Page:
Chapter 7 bankruptcy does require the dissolution of most of your assets in order to pay off as much of your debt as possible. Chapter 13, however, does not require that you dissolve your assets. With Chapter 13 bankruptcy you may be able to retain your more important assets in exchange for developing a clear debt management plan. Some of your debts may be reduced under Chapter 13 bankruptcy and most people will have to keep up substantial payments for three to five years. A New Jersey estate planning lawyer can help you decide which type of bankruptcy is better for you.
2. Bankruptcy Destroys Your Credit
Many people believe that bankruptcy completely destroys your credit, or destroys your credit for a specific amount of years, but this isn’t true. A bankruptcy will stay on your credit report for many years, but even while it is on your credit report it’s still up to the judgment of the lender whether they want to extend you credit. Many who declare bankruptcy will find themselves getting new credit offers within months, and this makes it important for someone declaring bankruptcy to obtain solid financial counseling.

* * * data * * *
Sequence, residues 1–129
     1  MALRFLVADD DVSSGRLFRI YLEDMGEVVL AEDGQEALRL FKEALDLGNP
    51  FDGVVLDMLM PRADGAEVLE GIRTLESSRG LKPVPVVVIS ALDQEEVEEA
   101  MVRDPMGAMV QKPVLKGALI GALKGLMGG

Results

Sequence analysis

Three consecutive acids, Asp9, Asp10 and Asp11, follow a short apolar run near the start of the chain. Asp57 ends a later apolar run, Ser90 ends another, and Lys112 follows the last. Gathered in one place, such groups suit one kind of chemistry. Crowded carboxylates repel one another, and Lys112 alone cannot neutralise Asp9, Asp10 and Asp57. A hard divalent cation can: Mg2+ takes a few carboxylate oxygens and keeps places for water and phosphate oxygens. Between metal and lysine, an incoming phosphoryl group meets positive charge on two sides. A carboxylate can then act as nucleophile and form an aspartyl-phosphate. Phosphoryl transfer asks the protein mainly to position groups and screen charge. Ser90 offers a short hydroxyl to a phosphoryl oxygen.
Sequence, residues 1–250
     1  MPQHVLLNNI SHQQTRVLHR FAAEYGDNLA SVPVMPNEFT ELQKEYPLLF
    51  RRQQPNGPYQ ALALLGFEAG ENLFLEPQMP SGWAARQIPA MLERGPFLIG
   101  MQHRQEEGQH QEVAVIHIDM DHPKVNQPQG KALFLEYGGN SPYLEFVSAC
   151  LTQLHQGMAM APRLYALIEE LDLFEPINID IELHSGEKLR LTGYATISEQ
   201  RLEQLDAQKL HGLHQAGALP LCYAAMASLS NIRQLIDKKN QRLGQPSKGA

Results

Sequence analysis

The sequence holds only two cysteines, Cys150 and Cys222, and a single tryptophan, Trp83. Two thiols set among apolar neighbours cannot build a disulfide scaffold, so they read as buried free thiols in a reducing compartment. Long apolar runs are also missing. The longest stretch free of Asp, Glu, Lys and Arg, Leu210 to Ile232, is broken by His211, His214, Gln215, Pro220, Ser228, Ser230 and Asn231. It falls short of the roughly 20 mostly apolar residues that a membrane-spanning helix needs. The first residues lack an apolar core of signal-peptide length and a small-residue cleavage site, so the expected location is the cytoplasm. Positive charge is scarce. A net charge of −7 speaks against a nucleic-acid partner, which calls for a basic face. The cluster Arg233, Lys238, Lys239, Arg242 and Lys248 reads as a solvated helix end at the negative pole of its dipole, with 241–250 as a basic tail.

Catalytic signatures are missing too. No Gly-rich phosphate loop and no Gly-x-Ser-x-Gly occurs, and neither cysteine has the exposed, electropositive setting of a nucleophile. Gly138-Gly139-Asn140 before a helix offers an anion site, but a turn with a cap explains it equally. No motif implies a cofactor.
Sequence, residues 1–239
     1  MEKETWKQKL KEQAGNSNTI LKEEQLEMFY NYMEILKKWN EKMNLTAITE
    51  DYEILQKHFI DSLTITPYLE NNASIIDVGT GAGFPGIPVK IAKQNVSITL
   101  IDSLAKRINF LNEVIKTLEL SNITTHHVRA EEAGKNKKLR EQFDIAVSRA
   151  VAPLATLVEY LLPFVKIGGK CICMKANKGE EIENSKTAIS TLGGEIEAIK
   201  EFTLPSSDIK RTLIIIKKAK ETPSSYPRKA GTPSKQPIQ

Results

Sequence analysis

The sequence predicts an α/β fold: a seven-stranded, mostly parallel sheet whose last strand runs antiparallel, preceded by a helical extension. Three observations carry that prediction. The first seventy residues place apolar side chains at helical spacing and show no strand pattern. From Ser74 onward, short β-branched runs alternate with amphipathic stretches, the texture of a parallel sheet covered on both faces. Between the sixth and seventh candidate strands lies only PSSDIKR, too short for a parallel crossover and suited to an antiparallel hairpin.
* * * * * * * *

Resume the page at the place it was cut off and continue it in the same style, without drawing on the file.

3. Bankruptcy Will Erase All Your Debts
Certain debts cannot be erased by bankruptcy, and it’s important to know which types of debts are not allowed. Debts such as mortgages and auto loans will usually be erased and the assets sold, and debts like credit lines and loans will usually be discharged. However, student loans are no longer covered by bankruptcy. Child care payments are also not covered under bankruptcy, and while tax debt can be reduced it usually won’t be completely removed. New Jersey Bankruptcy Chapter 7 attorneys can look over your debts and discuss which ones can be removed or reduced.
4. Bankruptcy Is Easy To Declare
Many people labor under the misconception that it’s easy to run up a lot of debt and then declare bankruptcy, but this isn’t true. There are many things you need to do to apply for bankruptcy, in addition to engaging a bankruptcy lawyer. Your assets and debts will be investigated, and if you charged a lot of debt just before bankruptcy it can be considered bankruptcy fraud. The process of bankruptcy itself is usually very detailed, and the consequences of bankruptcy will follow someone for a long time.
5. Bankruptcy Is Easily Avoidable
There are many households that find themselves facing bankruptcy through no fault of their own. With the bad economy, problems with the housing market, and the uncertainty of the stock market many households found themselves in desperate financial situations. Because of this, you should never feel as though you’ve failed simply because you’re considering bankruptcy. There are always some circumstances beyond your control.
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